Back in March, a 61-year-old woman was found in a walk-in freezer at the hotel where she worked. She had been trapped for 13 hours. Her eyes and her head were frozen solid. The skin on her knuckles, according to her husband’s complaint in a lawsuit against the hotel, had been worn away as she knocked, desperate to get out.
Federal records show that a handful of workers have died this way in the last 15 years. Some were overcome with lethal fumes and others froze. However, the government isn’t likely to come up with regulations that specifically deal with freezers. Broader rules, such as employers making sure exits are available, are more likely.
In another tragedy, a 47-year-old man died from breathing carbon dioxide fumes produced from dry ice kept in the freezer of a cafe. The man, who was the cafe’s owner and chef, had no release mechanism that would open the freezer door.
A 55-year-old woman died when she was locked inside a freezer at a lodge. The University of Pennsylvania’s director of the Penn Program on Regulation said, “That one really struck me as a terrible way to go.”
The lady who died in March was not the first person to be trapped in the same freezer. Several months before, another employee was trapped inside when the release mechanism failed.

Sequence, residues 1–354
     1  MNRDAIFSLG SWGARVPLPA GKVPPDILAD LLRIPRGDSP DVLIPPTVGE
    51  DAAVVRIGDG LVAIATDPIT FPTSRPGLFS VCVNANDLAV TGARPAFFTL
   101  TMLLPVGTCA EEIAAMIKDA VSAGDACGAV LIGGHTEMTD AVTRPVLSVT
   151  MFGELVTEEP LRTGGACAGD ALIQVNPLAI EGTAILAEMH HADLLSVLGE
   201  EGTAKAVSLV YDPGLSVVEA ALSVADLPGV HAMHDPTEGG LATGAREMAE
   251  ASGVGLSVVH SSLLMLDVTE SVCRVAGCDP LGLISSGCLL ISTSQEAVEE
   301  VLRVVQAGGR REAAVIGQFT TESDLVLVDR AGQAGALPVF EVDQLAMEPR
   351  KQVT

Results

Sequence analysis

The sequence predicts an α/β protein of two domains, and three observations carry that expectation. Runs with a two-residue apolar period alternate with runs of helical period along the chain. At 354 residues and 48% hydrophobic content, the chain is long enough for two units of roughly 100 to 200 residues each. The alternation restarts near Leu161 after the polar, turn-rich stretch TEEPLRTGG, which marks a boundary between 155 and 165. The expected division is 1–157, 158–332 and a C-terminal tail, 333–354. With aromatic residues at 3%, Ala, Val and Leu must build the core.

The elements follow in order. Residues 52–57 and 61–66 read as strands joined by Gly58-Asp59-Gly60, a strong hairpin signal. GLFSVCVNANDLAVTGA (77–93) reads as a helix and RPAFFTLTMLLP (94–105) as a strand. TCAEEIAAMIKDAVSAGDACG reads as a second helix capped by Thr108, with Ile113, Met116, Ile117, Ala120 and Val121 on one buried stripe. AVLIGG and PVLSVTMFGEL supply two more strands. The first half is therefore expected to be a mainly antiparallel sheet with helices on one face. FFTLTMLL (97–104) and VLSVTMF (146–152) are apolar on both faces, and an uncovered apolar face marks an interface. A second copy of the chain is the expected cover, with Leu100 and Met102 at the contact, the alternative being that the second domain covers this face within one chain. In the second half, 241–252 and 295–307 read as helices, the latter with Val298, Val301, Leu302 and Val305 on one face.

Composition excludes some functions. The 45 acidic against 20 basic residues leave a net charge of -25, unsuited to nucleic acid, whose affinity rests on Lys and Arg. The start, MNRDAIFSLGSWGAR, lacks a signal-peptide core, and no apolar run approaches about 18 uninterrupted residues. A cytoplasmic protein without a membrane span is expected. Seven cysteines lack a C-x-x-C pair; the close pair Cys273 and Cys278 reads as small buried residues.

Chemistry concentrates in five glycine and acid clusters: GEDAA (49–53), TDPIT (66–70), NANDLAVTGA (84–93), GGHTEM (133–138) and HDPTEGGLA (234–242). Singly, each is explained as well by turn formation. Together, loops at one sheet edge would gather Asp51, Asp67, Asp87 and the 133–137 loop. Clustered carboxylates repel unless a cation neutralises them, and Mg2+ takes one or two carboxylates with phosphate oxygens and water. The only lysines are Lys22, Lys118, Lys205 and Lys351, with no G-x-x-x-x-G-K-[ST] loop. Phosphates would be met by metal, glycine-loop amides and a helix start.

Thirty tests were done after the woman died in March by the Occupational Safety and Health Administration, the medical examiner and an equipment servicing company. The door opened as it was supposed to each time. Three weeks later, though, two people were trapped inside during a follow-up inspection. The hotel where the woman died has been fined $12,000.
You should be safe at work, no matter what kind of work you do. If you are injured or killed, workers’ compensation is available to help with your financial needs or to provide a death benefit to your family. If there are difficulties with your claim or your family’s claim, an experienced attorney can help.
Source: The Vindicator, “Trapped: Deaths inside freezers can be prevented, but how?,” The Associated Press, Oct. 30, 2016